Government Says Record-Breaking Interest Rate Hike Will Tackle “Enemy” Of Inflation
Chancellor Jeremy Hunt has said “inflation is the enemy” as he responded to the Bank of England’s record-breaking increase in the base interest rate.
The Bank has hiked the base rate by 0.75 percentage points from 2.25 per cent to 3 per cent.
This is the largest single increase in rates since 1989 – excluding the interest rate rise on Black Wednesday in 1992 which was ultimately reversed.
The move is aimed at tackling soaring inflation, which hit a 40-year high of 10.1 per cent in September, way above the Bank’s target of 2 per cent.
Higher base interest rates will mean higher costs for borrowing, including mortgage repayments and credit card debt.
Responding to the announcement, Hunt said: “Inflation is the enemy and is weighing heavily on families, pensioners and businesses across the country.
“That is why this government’s number one priority is to grip inflation, and today the Bank has taken action in line with their objective to return inflation to target.
“Interest rates are rising across the world as countries manage rising prices largely driven by the Covid-19 pandemic and Putin’s invasion of Ukraine.”
He added that the government’s priority was to “restore stability” to the economy while also improving public finances and reducing government debt.
“Sound money and a stable economy are the best ways to deliver lower mortgage rates, more jobs and long-term growth. However, there are no easy options and we will need to take difficult decisions on tax and spending to get there,” he added.
The Bank's governor Andrew Bailey said today's forecast showed that "there is a tough road ahead" for the UK economy.
"If we do not act forcefully now it will be worse later on," he said.
He also warned that bank rates may have to increase further in coming months, but said that the Bank expected that "inflation will begin to fall back from the middle of next year, probably quite sharply".
Bailey went on to illustrate that, although global pressures such as the war in Ukraine were affecting other countries, there was a "UK-specific" component to Britain's current economic situation.
He explained that "significant moves in UK yields and in UK financial conditions, more broadly, have occurred in parallel with significant developments in fiscal policy" such as Liz Truss's controversial mini-Budget.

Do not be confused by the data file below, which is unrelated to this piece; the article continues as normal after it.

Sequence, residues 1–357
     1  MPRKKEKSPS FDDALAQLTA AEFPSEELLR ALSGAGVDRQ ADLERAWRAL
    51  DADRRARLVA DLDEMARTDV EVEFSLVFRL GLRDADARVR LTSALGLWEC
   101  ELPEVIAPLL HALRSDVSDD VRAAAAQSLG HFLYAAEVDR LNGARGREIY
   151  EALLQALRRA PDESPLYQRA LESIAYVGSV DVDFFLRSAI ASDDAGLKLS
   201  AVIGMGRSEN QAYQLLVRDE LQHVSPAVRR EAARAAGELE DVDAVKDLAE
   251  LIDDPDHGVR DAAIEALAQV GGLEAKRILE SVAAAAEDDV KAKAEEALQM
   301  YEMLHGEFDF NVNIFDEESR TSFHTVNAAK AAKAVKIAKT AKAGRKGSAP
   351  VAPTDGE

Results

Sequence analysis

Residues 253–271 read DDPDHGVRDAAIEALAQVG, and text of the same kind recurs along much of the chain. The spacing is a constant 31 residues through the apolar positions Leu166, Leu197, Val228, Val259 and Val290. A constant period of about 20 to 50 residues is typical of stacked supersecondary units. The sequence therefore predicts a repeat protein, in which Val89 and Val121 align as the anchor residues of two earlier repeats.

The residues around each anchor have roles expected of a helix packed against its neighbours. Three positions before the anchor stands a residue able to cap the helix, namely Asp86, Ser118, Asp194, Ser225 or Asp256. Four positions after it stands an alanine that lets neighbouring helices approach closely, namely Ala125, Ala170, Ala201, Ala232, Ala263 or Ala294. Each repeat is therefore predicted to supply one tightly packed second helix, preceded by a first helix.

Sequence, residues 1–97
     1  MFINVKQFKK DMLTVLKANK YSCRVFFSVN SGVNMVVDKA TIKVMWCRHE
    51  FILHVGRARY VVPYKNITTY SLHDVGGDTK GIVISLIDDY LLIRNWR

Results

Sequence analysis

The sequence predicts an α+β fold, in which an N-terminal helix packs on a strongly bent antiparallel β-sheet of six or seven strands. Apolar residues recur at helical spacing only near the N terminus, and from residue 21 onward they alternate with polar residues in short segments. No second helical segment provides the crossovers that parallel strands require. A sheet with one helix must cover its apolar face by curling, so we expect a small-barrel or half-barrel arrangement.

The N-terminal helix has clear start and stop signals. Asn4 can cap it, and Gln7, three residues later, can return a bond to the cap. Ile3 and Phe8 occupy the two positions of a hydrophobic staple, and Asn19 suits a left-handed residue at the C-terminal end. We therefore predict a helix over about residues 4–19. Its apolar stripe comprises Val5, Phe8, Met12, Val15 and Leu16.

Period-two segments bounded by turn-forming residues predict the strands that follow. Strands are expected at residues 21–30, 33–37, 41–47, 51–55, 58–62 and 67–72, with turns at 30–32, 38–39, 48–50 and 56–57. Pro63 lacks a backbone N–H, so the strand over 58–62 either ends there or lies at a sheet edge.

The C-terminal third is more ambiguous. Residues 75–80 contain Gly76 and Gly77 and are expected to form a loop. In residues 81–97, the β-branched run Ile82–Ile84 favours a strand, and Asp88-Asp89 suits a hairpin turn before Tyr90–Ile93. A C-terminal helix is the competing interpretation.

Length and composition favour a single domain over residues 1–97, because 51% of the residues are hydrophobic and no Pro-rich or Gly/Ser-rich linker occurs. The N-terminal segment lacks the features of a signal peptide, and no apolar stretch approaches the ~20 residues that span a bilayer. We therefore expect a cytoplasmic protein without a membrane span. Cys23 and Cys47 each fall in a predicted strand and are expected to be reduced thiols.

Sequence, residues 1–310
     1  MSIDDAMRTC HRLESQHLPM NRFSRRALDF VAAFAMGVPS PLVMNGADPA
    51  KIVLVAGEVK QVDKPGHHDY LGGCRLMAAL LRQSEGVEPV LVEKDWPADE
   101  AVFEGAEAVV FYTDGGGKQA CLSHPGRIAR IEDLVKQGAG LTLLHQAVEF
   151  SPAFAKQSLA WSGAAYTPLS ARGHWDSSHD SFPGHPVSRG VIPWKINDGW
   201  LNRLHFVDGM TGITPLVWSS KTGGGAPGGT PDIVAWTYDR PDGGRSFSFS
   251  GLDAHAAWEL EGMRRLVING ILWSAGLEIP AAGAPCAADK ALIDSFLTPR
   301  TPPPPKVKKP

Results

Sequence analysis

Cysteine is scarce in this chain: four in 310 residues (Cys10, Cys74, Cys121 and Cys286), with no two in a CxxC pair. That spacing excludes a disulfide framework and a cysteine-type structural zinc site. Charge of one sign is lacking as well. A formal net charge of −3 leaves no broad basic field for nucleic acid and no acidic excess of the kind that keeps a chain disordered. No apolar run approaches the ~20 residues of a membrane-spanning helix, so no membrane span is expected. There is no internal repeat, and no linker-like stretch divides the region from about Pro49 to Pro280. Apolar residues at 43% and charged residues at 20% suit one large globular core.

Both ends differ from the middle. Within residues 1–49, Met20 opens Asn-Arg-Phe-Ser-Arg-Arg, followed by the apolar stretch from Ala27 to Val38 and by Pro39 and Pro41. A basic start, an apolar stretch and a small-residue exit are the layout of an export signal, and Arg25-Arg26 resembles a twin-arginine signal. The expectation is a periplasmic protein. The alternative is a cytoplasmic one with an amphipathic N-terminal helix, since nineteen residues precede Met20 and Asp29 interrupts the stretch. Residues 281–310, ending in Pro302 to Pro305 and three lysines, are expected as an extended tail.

Analysis by the Bank also predicted the UK was set to fall into its longest recession since records began, during which unemployment is expected to nearly double.
It claims the UK entered a "challenging" downturn over the summer which will continue into the first half of 2024.
Interest rates have been rising since December last year, and were most recently increased by half a percentage point to 2.25 per cent on 22 September.
It is the eighth time in a row that interest rates have been hiked, having been at 0.1 per cent less than a year ago. The decision has pushed interest to its highest amount since 2008.
Labour’s shadow chancellor Rachel Reeves said the announcement “lays bare how 12 years of Tory government has weakened the foundations of our economy” and warned the government had left the UK “exposed to shocks”.
“As Chancellor and now Prime Minister, Sunak must face up to his mistakes that have led to the vicious cycle of stagnation this Tory government has trapped us in.
“Working people are paying the price for Tory failure. Britain deserves more than this.
She added: “Labour will provide the economic responsibility we need, and bring forward a proper plan for growth across our country, investing in jobs in renewables, nuclear power and in insulating homes; fixing business rates; and driving forward a modern Industrial Strategy."
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